Broken Foot: Diagnosis

Your doctor will feel your foot for any sensitive spots during the physical examination. Your pain's exact location can be used to identify its root cause.

To assess your range of motion, they could move your foot into various positions. To assess your gait, your doctor can ask you to walk a short distance.

Imaging Exams

One or more of the imaging tests listed below may be recommended by your doctor if your signs and symptoms point to a break or fracture.

  • X-rays. In X-rays, the majority of foot fractures may be seen. To avoid a lot of bone image overlap, the technician might need to take X-rays from several angles. Stress fractures frequently do not manifest on X-rays until the break has begun to mend.

  • A bone scan. A tiny quantity of radioactive substance will be injected into a vein by a technician for a bone scan. Your bones, especially the areas that have been injured, are drawn to the radioactive substance. In the generated picture, damaged regions, including stress fractures, appear as bright patches.

  • Computer-aided imaging (CT scan). In a CT scan, X-rays are collected from several angles and combined to create cross-sectional pictures of your body's interior components. The best course of therapy may be decided by your doctor with the use of a CT scan, which can provide more information about the bone and the soft tissues that surround it.

  • Imaging with magnetic resonance (MRI). A powerful magnetic field and radio waves are used in MRI to provide incredibly precise pictures of the ligaments that support your joints.

Broken Foot: Treatment

Medications  An over-the-counter painkiller, such as acetaminophen, may be suggested by your doctor.

Techniques, both surgical and otherwise

  • Reduction. Your doctor may need to put the fragments back into their appropriate locations, a procedure known as reduction, if you have a displaced fracture, meaning the two ends of the fracture are not aligned. You might need to take a muscle relaxant, sedative, or even general anesthesia before this treatment, depending on how much pain and swelling you are experiencing.

  • Immobilization

Surgery

An orthopedic surgeon might occasionally need to use pins, plates, or screws to keep your bones in the right positions while they recover. If these materials are noticeable or uncomfortable, they may be removed once the fracture has healed.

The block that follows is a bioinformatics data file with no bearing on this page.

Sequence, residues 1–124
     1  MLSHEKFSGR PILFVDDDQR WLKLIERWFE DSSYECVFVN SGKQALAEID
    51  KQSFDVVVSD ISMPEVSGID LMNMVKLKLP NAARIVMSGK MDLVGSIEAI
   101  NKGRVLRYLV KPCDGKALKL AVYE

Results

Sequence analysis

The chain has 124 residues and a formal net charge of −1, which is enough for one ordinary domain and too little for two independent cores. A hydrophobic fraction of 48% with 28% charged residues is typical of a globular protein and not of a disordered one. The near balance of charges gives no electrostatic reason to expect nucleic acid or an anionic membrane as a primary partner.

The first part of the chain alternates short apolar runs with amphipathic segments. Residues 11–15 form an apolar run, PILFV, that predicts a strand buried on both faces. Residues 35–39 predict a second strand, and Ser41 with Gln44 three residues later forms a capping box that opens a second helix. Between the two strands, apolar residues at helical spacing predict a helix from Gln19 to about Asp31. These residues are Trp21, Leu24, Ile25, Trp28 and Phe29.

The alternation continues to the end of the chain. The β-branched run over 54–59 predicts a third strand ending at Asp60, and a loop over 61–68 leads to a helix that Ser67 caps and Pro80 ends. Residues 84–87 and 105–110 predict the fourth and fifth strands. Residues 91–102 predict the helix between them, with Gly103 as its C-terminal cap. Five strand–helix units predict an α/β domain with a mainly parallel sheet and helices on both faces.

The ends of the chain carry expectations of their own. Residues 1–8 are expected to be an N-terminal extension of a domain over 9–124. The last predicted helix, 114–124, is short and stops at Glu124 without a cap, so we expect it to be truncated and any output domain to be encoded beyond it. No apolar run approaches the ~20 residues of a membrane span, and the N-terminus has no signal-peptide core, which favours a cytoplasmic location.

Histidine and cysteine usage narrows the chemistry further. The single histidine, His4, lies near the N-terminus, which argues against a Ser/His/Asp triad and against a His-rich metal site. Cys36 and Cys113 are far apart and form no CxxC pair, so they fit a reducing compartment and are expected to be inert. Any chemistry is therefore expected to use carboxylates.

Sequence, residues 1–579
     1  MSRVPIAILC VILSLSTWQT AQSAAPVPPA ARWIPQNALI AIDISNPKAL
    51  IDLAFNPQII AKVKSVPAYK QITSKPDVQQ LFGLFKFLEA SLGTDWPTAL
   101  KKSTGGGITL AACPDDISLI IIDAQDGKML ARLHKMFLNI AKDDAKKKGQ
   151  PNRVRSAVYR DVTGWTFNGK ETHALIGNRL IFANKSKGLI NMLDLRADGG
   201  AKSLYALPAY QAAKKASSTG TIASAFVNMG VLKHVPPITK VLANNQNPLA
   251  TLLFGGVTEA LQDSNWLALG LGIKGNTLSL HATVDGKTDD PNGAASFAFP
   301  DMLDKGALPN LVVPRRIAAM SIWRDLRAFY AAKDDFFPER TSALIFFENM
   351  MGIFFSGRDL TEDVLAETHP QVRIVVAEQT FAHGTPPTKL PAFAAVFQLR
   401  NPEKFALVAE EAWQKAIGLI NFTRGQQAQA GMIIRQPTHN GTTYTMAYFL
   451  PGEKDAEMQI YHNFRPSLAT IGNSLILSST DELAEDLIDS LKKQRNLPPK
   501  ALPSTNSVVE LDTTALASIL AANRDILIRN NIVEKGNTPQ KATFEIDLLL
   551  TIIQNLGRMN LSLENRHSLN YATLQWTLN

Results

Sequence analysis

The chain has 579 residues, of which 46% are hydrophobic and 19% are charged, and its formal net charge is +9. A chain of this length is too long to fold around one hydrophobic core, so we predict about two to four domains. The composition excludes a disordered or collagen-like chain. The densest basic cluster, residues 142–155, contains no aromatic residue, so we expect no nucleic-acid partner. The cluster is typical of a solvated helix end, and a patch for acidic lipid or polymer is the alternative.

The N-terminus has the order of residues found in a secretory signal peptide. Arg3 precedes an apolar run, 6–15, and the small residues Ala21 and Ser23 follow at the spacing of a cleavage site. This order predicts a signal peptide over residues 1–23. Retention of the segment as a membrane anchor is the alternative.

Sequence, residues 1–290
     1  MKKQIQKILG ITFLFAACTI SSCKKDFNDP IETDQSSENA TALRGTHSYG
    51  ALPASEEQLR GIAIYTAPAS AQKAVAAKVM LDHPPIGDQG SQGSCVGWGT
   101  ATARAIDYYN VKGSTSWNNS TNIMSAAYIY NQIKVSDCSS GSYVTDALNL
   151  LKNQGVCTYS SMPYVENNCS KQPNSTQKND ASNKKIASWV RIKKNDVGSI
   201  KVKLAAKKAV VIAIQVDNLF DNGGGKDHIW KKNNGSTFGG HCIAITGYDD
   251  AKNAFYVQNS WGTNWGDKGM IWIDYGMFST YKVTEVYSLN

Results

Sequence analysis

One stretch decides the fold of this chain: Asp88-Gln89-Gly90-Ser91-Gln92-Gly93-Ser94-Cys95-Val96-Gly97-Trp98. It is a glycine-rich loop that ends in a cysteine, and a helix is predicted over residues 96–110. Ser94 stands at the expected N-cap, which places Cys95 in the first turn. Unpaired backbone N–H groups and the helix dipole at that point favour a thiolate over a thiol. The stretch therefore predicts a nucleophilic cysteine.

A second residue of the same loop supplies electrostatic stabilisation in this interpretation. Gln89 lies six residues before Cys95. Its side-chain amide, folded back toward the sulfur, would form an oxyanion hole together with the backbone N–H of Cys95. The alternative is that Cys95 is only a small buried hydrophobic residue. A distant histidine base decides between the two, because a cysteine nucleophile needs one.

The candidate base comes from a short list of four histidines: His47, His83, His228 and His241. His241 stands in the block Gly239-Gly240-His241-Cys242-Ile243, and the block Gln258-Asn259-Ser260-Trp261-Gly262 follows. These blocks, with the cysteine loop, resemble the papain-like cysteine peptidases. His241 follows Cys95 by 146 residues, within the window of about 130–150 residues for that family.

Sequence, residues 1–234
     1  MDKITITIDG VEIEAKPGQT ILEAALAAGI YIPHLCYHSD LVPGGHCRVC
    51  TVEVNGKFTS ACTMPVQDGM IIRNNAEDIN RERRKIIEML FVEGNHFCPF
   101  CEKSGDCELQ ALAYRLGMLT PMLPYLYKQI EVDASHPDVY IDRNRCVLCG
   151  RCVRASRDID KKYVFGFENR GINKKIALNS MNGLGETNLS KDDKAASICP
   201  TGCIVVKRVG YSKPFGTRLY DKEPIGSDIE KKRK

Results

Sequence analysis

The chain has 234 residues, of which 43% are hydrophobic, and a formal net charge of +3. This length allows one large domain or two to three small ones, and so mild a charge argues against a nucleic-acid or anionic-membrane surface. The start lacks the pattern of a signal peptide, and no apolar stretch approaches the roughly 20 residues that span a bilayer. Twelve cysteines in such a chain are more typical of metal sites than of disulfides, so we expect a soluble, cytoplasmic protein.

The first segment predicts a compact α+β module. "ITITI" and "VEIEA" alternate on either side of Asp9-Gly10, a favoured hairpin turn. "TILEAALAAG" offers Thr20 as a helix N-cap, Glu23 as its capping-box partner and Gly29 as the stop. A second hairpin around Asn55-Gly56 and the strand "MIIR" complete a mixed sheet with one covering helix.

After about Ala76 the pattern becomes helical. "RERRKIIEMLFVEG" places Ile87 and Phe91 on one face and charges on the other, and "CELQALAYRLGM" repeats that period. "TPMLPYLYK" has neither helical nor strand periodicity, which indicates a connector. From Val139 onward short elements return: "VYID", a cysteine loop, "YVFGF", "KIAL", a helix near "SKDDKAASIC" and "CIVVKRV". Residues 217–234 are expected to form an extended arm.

Broken Foot: Prevention

You can take the following preventive measures to avoid the chances of getting a broken foot −

  • Wear the right footwear. If the ground is rocky, use hiking boots. If required, use steel-toed boots when working. Choose the right athletic footwear for your sport.

  • Regularly swap out your running shoes. Throw away shoes as soon as the tread or heel begins to deteriorate or if the wear is uneven. Running shoes should be changed every 300 to 400 kilometers.

  • Start gradually. It holds for both fresh fitness regimens and every workout.

  • Cross-train. Stress fractures can be avoided by alternating activities. Alternate between cycling and jogging.

  • Boost bone vigor. Milk, yoghurt, and cheese are just a few examples of calcium-rich foods that are excellent for your body. Supplementing with vitamin D can also be beneficial.

  • Use nightlights. Walking in the dark leads to several fractured toes.

  • Clean up your home. Avoiding trips and falls can be made easier by keeping debris off the floor.

Conclusion

Foot fractures result in pain and edema. The pain is typically (but not always) so severe that it prevents you from walking. You might be able to walk with a broken toe since fractured toes hurt less. Foot bruising in the presence of a shattered bone is also typical.

Dr. Durgesh Kumar Sinha
Dr. Durgesh Kumar Sinha

MBBS MS [ OPHTHALMOLOGY ]

Updated on: 29-Mar-2023